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Application process for medical marijuana organizations set to open in early 2017

 


New details regarding the availability of medical marijuana in Pennsylvania were released by the Wolf administration last week marking the first major step in the legalization process since the landmark legislation (Act 16) was signed into law, state Sen. Jay Costa (D-Allegheny) said.

“This is a great step forward and one that many Pennsylvanians and their families have been anxiously awaiting,” Sen. Costa said. “While there is still work to be done and months before medical cannabis will be available, knowing the process is moving provides much-needed hope to those waiting for relief for their loved ones.”

During a press conference in Harrisburg, Department of Health Secretary Karen Murphy and Medical Marijuana Program Director John Collins said the application period for growers/processors and dispensaries will open Jan. 17, 2017. They said that this is when application materials will be made available. Applications will be accepted from Feb. 20 through March 20.

The officials said that permits will be offered in a three-phase roll-out. Up to 12 grower/processor permits will be available statewide during the first phase of the application roll-out and up to 27 dispensary permits will be issued. Organizations granted a dispensary permit may open up to three individual locations, which must be approved by the Department of Health.

According to the Department, there are six identified regions where grower/processor and dispensary permits will be granted. Allegheny County, part of Region 5 covering the Southwestern portion of Pennsylvania, will be granted up to two dispensary permits.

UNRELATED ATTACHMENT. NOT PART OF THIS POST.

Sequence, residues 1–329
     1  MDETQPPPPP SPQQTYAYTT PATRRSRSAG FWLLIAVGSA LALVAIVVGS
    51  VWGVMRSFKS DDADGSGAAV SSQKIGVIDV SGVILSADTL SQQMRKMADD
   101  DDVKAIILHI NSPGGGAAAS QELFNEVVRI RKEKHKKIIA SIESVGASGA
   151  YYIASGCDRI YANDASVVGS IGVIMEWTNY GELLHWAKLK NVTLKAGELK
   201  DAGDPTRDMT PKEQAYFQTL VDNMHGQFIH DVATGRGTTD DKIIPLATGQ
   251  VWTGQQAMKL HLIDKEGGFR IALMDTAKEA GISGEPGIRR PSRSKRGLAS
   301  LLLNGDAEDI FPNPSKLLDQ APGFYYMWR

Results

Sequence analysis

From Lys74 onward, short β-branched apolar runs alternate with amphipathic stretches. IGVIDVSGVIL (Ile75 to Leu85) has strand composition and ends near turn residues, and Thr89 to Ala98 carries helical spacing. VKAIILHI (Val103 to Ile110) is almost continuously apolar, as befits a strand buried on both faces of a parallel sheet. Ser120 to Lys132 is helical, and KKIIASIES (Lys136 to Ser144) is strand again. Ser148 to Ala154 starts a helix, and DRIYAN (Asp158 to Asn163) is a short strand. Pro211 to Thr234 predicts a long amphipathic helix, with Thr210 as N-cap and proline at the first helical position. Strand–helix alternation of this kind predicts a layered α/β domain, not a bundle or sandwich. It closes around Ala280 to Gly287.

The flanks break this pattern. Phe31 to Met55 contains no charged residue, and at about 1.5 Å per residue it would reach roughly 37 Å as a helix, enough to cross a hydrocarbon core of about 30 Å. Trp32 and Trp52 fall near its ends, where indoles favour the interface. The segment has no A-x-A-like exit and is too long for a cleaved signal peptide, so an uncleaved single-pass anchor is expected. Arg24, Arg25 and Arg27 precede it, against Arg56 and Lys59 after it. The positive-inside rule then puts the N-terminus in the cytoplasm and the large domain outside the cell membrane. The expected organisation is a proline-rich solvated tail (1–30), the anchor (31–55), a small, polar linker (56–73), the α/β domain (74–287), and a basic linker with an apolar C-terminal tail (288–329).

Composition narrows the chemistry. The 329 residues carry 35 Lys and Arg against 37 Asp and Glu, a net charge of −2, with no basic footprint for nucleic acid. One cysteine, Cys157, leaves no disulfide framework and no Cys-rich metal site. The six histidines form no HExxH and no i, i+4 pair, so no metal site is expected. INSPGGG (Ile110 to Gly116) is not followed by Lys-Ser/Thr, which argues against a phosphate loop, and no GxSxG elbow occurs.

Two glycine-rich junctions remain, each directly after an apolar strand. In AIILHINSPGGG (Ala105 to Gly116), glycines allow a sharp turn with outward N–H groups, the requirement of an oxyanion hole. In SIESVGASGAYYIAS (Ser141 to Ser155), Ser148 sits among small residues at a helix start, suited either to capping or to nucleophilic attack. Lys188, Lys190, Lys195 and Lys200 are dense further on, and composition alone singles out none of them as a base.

As specified in the Medical Marijuana Act, the Department of Health will consider certain criteria when determining where to grant permits: number of patients with serious medical conditions; types of conditions; access to public transportation; and regional population. In addition, health care needs of rural and urban areas as well as those areas with significant economic development needs will be considered.

During Phases two and three of the program, the Department will determine if additional permit applications will be issued. According to program director, the Department is still on target to make medical cannabis available to patients by mid-2018.

Mr. Costa said additional information about the temporary medical marijuana regulations issued earlier this year is available in the Pennsylvania Bulletin at http://www.pabulletin.com.

 

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